The widow we meet today who gives from her poverty is seen in sharp contrast to the scribes who give from their surplus.  Jesus as the son of God is also juxtaposed against those who would be servants but who are more enamored of status, money and place.  The obvious lesson here is understood quickly, even by children.  The widow’s contribution – small as it is – is worth as much and perhaps even more than the large amount given by others from their surplus; and the widow herself is as valuable, or more, as those who profess great learning and experience.  We can see that this portion of Mark’s Gospel asks us to take a deep look to examine our own status, our own motivations, our own spiritual life in Christ.  The more obscure lesson is this: We ought not to worry if we only have two cents when come forward to add to God’s treasury . . . God is counting on this small gift to appear and God has a plan for this small gift which we cannot see from where we stand.

My dad, the oldest of eleven, always used to say that when we compare ourselves to others we will always come up way short of some and way ahead of others.  He would encourage us to compare what we have done in a day to what we might have done on a good day.  He asked that we measure ourselves against our own potential.  He directed us to steer well clear of comparing ourselves to others in any way with the words: You have no way of knowing what God knows.  And when he himself became frustrated with life and with what he believed to be his own weaknesses, he would often murmur repeatedly in low words:  God only knows.  Only God knows.  God only knows.  Only God knows. 

My mother, born the seventh of eleven, was fond of telling us – when we balked at going somewhere we thought we might be bored – Did you ever stop to think that God might have need of you today?  Did it ever occur to you that your presence has a purpose even when you do not see it?  Maybe you are being asked to bring something you do not realize you have.  Go and find out what it is.  And so we would go . . . and we always found out that yes, we had two cents, and they belonged in God’s treasury.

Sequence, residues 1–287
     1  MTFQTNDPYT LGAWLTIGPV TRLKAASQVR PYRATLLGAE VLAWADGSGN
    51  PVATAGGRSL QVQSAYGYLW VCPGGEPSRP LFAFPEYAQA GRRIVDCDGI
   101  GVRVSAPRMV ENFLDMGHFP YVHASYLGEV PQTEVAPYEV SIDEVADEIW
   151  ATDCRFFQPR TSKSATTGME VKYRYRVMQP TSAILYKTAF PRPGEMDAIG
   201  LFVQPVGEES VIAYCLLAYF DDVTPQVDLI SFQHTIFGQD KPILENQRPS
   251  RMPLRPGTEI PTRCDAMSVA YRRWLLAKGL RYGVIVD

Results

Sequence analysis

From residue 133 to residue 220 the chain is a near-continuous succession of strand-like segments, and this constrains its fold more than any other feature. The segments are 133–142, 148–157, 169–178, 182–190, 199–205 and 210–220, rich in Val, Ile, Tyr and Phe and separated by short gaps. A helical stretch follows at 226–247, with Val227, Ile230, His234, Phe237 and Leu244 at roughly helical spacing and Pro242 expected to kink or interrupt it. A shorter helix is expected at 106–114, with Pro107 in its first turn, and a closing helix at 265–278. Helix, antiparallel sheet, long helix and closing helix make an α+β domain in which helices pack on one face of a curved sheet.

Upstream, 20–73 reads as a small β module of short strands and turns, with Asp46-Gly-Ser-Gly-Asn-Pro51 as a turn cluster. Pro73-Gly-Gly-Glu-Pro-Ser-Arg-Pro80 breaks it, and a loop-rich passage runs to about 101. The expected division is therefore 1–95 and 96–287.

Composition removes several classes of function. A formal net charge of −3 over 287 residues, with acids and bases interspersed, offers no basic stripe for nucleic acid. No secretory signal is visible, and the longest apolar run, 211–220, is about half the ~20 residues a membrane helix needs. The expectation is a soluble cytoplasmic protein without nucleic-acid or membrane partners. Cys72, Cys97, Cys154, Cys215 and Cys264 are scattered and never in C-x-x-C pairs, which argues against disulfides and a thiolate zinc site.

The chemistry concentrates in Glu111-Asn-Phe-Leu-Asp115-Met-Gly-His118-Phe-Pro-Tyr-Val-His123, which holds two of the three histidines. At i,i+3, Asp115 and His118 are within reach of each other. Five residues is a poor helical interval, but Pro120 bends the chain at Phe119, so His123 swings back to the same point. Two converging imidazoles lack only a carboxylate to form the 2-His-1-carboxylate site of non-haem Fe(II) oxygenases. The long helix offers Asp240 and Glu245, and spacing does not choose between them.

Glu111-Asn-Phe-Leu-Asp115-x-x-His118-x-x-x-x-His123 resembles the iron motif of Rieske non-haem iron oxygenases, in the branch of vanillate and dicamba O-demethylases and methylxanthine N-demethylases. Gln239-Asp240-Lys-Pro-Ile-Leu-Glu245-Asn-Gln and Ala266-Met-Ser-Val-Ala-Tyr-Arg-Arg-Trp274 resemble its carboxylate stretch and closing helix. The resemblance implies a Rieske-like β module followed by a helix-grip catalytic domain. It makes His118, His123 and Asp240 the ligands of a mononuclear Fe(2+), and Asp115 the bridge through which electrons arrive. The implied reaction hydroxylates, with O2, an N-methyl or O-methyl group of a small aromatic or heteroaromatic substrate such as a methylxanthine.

When we believe that the efforts we make are puny in attempting to answer God’s call, we might remember the contributions of the scribes and the widow.

When we fear that we have erred in responding to God’s call, we might remember that Jesus sees all of us, knows our worth and values our gifts accordingly.

When we feel that we have somehow gotten things wrong, that we have misunderstood the instructions we think we hear, we might remember that with God, our two cents are worth worlds . . . because we have come to God, trusted God and loved God.

And so we pray.

Precious God, We know that we often misunderstand messages.  We sometimes doubt our ability to hear you clearly.  We also know that we ought to be wary of those wearing robes for the sake of show.  We sometimes become enamored of the robes ourselves.  We always know that when you destroy temples you also rebuild them in days . . . deep within our hearts.  Continue to guide us as we filter through the pageantry of life to find that which is worth more than the mere two-cent value it appears to have at first glance.  Help us to compare ourselves to our own work rather than to the work of others.  Lead us to your way of seeing and thinking.  Lead us to your way of trusting and believing.  Lead us always back to you.  Amen. 

A favorite from August 23, 2009.

Read Full Post »


Luke 2Our Story – Part Ishooting star

Saturday, August 15, 2015

Our story is told through the whole of scripture as the story of Christ. Today we reflect on the traces of this story that we find in our own lives from the first words of Genesis . . . In the beginning . . . to the last words of Revelation . . . The grace of the Lord Jesus be with all.  What has been our beginning? What do our lives reveal?